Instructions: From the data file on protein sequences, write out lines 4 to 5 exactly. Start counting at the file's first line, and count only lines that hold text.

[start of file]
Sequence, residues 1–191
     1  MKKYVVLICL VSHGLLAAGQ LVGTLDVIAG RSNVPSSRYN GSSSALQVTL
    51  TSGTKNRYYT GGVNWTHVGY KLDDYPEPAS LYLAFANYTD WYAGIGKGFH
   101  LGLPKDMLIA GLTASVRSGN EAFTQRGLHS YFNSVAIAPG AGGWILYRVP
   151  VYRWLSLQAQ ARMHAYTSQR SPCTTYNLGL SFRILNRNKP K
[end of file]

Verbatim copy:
   101  LGLPKDMLIA GLTASVRSGN EAFTQRGLHS YFNSVAIAPG AGGWILYRVP
   151  VYRWLSLQAQ ARMHAYTSQR SPCTTYNLGL SFRILNRNKP K